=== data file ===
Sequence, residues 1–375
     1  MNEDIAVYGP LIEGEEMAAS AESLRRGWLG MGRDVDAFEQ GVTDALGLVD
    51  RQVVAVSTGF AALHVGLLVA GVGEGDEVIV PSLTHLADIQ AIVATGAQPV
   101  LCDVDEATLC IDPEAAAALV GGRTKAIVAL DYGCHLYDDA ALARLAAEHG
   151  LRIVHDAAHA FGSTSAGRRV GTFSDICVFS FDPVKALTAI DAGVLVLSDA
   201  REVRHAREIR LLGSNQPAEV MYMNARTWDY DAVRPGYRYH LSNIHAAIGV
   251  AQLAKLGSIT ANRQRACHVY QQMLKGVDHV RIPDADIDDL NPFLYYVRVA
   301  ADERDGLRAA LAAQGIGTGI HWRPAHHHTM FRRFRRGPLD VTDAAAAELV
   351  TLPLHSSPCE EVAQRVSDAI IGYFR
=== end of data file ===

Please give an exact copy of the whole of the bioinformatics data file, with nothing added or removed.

Sequence, residues 1–375
     1  MNEDIAVYGP LIEGEEMAAS AESLRRGWLG MGRDVDAFEQ GVTDALGLVD
    51  RQVVAVSTGF AALHVGLLVA GVGEGDEVIV PSLTHLADIQ AIVATGAQPV
   101  LCDVDEATLC IDPEAAAALV GGRTKAIVAL DYGCHLYDDA ALARLAAEHG
   151  LRIVHDAAHA FGSTSAGRRV GTFSDICVFS FDPVKALTAI DAGVLVLSDA
   201  REVRHAREIR LLGSNQPAEV MYMNARTWDY DAVRPGYRYH LSNIHAAIGV
   251  AQLAKLGSIT ANRQRACHVY QQMLKGVDHV RIPDADIDDL NPFLYYVRVA
   301  ADERDGLRAA LAAQGIGTGI HWRPAHHHTM FRRFRRGPLD VTDAAAAELV
   351  TLPLHSSPCE EVAQRVSDAI IGYFR